There are some stark indicators that more needs to be done to ensure growth is effectively inclusive; a quarter of northern workers - 1.6 million people- are paid below the real living wage (a wage which enables households to have an acceptable standard of living) and weekly pay has fallen by £21 since 2008 in real terms. (
Devolution provides important opportunities to align approaches rather than fragmentation. Beyond the development of LISs, there are challenges to ensure that Local Enterprise Partnerships (LEPs) and Combined Authorities work alongside key employers and education providers to ensure that local people moving out of education and into the workplace have the skills required to meet employers’ needs. Tackling the lack of participation in the workforce is an important component of achieving increased productivity, improving skills is critical to success.
In the North East, both of the existing LEPs (Tees Valley and the North East) are acutely aware of the need to ensure that historic trends in lack of participation and low aspirations are tackled from a young age. Both LEPs are working with schools across their LEP areas to help drive-up educational attainment and reduce the gap between the worst and best performing schools.


The IPPR report set out a number of key challenges not least the disparities of per capita spending on transport in the North compared to the south of England, and the overall impact of austerity policies, which has hit the North more than any other region. An efficient, well-connected and affordable transport network has a key role to play in facilitating economic growth through connecting places and improving accessibility of people to jobs and economic opportunities.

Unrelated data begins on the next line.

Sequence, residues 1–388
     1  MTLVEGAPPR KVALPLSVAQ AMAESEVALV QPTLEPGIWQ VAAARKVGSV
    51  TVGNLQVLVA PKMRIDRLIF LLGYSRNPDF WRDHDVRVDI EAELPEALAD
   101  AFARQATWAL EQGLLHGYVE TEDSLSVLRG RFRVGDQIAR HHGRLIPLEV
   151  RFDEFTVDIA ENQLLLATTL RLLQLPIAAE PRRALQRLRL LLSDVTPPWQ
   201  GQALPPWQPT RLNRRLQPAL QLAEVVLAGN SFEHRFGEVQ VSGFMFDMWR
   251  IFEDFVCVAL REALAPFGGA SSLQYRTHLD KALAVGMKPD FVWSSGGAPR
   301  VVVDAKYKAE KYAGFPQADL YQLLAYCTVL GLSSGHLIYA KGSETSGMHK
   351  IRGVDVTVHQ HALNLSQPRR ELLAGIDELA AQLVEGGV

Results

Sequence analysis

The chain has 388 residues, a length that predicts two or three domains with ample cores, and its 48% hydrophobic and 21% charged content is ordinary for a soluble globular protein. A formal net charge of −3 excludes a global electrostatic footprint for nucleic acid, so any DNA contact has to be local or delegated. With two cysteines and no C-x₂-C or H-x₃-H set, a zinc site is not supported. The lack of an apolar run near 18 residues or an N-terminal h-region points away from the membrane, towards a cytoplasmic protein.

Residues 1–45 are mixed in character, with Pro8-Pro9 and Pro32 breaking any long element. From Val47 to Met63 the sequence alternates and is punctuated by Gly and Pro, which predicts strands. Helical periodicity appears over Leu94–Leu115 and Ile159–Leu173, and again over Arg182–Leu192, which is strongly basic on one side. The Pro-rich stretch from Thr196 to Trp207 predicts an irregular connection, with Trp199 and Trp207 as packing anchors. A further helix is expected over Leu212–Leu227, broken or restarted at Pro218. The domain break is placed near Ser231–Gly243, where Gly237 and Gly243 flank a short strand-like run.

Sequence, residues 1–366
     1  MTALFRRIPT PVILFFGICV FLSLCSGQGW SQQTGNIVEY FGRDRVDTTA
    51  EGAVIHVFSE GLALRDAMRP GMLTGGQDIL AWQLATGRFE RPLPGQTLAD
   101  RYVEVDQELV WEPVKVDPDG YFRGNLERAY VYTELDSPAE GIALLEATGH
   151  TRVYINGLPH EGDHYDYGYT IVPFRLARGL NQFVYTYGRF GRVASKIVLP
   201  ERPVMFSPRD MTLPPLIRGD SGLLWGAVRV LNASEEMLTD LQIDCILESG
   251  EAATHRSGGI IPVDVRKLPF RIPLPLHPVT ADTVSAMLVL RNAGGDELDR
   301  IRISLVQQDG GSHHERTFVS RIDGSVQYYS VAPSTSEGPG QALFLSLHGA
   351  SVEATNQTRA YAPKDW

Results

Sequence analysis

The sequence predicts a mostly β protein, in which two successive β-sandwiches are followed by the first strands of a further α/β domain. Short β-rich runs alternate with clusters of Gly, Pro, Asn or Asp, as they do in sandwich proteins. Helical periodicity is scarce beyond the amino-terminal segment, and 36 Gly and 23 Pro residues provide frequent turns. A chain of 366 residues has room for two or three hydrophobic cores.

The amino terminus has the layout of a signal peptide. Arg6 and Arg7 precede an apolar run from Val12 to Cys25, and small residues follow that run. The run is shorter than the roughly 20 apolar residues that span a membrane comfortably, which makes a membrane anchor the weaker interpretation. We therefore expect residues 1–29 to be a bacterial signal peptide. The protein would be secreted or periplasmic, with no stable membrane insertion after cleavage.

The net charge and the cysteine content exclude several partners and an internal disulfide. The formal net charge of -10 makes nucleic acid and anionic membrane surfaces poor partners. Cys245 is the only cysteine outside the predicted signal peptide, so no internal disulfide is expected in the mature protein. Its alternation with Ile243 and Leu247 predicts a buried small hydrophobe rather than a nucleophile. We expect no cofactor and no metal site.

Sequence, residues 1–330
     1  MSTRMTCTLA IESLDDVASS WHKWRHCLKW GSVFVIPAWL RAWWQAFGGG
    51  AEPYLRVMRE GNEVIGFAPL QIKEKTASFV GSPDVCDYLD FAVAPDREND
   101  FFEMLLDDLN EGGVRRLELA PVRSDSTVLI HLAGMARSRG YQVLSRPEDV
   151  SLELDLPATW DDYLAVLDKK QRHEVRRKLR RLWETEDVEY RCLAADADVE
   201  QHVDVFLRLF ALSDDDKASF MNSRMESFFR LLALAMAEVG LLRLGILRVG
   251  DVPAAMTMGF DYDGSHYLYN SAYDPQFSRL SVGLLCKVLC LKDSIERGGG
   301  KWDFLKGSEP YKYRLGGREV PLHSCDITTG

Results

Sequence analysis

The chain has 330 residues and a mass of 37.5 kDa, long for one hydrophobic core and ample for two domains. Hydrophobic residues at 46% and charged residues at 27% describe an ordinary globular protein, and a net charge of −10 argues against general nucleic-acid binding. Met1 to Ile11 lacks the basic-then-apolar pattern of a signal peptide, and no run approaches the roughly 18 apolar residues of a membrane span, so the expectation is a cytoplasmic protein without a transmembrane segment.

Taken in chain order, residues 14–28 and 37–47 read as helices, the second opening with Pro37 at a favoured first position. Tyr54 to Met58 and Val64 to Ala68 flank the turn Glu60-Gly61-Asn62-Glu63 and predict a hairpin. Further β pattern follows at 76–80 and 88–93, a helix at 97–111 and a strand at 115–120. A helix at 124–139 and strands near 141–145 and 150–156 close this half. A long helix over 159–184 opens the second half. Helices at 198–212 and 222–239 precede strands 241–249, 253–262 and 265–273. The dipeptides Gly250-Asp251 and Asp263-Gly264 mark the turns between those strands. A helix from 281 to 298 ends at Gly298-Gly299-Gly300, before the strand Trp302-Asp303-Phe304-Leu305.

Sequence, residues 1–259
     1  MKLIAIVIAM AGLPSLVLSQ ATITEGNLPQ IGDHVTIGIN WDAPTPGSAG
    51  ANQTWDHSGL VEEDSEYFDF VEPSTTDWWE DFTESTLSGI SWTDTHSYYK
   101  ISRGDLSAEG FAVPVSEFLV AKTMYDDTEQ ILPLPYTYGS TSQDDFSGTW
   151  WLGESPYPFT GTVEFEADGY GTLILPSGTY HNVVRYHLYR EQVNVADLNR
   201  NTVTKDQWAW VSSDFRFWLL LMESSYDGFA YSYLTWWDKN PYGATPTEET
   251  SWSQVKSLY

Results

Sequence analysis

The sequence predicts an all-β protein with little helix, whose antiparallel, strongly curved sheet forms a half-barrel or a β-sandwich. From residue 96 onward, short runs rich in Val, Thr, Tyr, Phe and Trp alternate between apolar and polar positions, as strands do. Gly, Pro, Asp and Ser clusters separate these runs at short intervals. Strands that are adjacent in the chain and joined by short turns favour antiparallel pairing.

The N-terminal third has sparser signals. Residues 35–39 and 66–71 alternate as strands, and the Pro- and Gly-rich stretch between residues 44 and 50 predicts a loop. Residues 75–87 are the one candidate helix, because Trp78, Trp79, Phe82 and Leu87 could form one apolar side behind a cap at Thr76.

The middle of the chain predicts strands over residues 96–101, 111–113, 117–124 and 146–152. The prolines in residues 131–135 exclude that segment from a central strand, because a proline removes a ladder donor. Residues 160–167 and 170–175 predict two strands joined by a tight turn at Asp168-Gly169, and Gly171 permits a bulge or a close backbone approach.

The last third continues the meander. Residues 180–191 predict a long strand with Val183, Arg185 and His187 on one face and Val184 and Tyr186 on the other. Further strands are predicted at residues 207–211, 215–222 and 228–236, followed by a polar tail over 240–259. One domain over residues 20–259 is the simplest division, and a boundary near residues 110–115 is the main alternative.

Figure 1 Transport Investment Comparison

Source:  'State of the North 2018' IPPR

Creating a successful and competitive economy in the North East will also positively impact on graduate retention, in the medium to long term, and stem the flow of highly skilled professionals from the region. The North East has so many attractive qualities such as proximity to the coast and countryside, historic cities and vibrant urban centres which are often under-valued by new graduates because of the lack of perceived opportunities for employment in key sectors. Providing the right choice of homes in the right places in the North East is also critical to supporting economic opportunities.
The Conference highlighted the future challenges in ensuring the UK can increase productivity, and ensure improvements are spread across all regions. The potential economic implications of Brexit and how this may impact on productivity, place and people were also reflected on throughout the day, particularly the impact Brexit is likely to have in the regions where there are lower levels of productivity. For the North the challenge is not only supporting key sectors to grow but also ensuring the growth of highly skilled jobs is supported by increased participation, by getting people currently out of work back into work, and by addressing fundamental inequalities to ensure productivity is experienced across all communities.
We are about to embark on a new LIS for Tees Valley. If you would like to know more about this and how we can help you through this journey, take a look at our product or get in touch with Ciaran Gunne-JonesLucie Bailey or Ross Lillico.